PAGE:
A lot of people are using this to improve or increase the drug delivery to patients especially in those asthmatics that may need that drug immediately and we’re trying to avoid intubation. Their safety risk is associated with delivering aerosol with noninvasive ventilation. There can be fluid accumulation if you’re providing with high-flow nasal cannula. We’ve seen babies that have had air solved delivery or albuterol burns to the face because it drools down, it goes into nasopharynx, it comes down on the face. The expiratory valve on mechanical ventilators, if you’re giving them inline can accumulate a bunch of debris and a bunch of stuff that could affect the performance of the mechanical ventilation to increase the airway resistance and increase the expiratory resistance of the valve. So keep that in mind and make sure that you filter the drug before you give it in line during mechanical ventilation. But also with Bubbles CPAP we’re seeing more that we’re giving some of these drugs and that some of the drug is being kicked off to the expiratory valve and that could add to excessive fluid accumulation in the expiratory valve of the Bubbles CPAP. So you may create a choke point so that the flow going to baby could be much higher, and the Bubble CPAP level could be much higher than what we think based on their depth. It’s important to measure the pressures of the airway in those cases. Now we get down to the point where we’re talking about providing aerosolized drug delivery to babies or children that are being supported by high-flow nasal cannula.
I will say that this is probably the single most controversial aerosol delivery discussion that we’re having right now in the clinical practice because no one really knows what to do. Because high-flow nasal cannula therapy is super complicated, right, we’re using different flow rates, we’re providing potentially drug through the system or removing a high-flow nasal cannula or placing a mask over the high-flow nasal cannula. It’s a different beast than it is with noninvasive, which is inclusive or with invasive which is inclusive and it’s pretty straightforward in those cases. But because you’re providing optimal humidity in these cases, we right off the bat we affect aerosol delivery but also it’s a noninclusive system. Do we entrain more Reminiac at these lower flows? What device should we use? Should we be using a Jet nebulizer that you set a flow but then that flow will add to the high flow if you’re integrating in the system?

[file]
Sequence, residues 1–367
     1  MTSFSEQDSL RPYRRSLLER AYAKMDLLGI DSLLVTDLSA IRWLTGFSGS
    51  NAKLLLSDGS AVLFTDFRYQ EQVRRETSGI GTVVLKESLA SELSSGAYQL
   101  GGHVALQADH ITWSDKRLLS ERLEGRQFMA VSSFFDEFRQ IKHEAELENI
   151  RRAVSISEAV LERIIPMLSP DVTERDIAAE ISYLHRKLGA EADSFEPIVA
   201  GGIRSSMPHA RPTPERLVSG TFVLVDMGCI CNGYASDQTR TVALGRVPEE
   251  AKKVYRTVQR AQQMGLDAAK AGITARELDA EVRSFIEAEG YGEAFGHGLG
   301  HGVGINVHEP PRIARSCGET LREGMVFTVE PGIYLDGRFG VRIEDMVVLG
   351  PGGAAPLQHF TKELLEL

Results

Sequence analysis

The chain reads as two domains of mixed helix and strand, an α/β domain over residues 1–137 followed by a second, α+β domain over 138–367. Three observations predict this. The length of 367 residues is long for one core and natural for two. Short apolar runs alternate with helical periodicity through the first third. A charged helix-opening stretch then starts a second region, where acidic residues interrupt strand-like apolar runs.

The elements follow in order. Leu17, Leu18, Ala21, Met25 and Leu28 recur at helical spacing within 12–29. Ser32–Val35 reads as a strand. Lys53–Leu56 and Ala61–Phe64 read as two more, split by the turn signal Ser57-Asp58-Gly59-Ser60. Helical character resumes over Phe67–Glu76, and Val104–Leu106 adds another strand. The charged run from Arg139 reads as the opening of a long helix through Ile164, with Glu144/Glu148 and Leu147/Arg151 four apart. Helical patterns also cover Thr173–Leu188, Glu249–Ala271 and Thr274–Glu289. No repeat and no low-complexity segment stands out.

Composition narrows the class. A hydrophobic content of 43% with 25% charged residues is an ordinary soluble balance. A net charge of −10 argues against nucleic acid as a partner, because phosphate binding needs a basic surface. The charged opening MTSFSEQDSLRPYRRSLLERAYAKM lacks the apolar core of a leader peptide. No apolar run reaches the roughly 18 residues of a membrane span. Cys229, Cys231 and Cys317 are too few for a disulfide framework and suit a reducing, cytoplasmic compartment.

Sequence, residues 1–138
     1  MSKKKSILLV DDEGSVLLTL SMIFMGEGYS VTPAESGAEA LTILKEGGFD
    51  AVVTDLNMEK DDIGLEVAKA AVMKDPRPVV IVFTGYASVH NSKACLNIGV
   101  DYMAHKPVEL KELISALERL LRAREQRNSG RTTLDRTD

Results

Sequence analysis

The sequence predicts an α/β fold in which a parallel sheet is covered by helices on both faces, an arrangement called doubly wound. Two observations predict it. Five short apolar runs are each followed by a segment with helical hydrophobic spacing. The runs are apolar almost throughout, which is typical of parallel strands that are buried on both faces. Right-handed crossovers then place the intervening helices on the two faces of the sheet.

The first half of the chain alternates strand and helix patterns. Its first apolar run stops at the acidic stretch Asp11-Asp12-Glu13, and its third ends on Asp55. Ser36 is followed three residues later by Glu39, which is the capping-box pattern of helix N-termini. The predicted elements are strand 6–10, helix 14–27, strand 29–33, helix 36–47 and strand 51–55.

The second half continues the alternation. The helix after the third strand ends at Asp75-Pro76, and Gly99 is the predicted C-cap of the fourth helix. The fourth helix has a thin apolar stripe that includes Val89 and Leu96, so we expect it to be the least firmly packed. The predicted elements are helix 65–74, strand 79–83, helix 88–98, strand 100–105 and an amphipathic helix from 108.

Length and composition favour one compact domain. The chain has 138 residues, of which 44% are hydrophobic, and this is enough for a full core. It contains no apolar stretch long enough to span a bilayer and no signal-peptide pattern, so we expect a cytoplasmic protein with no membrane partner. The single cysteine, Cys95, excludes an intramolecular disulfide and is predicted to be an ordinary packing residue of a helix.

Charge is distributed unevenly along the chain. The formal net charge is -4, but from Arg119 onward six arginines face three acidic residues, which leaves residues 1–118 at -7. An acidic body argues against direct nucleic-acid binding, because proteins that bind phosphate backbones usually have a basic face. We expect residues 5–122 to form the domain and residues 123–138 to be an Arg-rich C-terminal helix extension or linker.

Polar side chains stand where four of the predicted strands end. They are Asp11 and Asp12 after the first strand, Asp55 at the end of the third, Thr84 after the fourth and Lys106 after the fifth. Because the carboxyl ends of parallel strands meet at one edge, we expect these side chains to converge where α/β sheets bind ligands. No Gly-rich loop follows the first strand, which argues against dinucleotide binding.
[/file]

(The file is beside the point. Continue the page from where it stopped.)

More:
There’s so many questions that have come up and we really don’t have any good answers. There have been some good bench studies that are out there, none of these studies have really evaluated drug delivery using a 3D anatomic airway model. Some of these have been bench tests that have been conducted with a spontaneously breathing model but they have improvised nasopharyngeal airways. I know that Dr. Fink in RE they’ve done a lot of seminal work related to this. But they’ve done it with a Fisher & Paykel system, and then with the F&P system you can put that nebulizer prior to the unifier, you can put it close to the patient. There’s lots of different ways that you can deliver this drug and with this particular system that prongs are typically, the diameter of the prongs is much larger.
There’s potential that you can get more of than a drug in there, but we really don’t know. There haven’t been good human studies to determine whether or even getting any drug with high-flow nasal cannula at this point. What they’ve demonstrated is that with 100% oxygen, maybe we’re getting somewhere in the range of 10% of the drug at these lower flow rates or 2% at these higher flow rates. One thing that we know for sure is that you increase the flow rate during high-flow nasal cannula regardless of the system, you reduce the delivery because of the impactive drug losses that occur in those cases and the higher humidity output that’s occurring in these cases. You can argue with that by applying a little bit of Heliox, maybe you increase the drug delivery that’s going to the patient.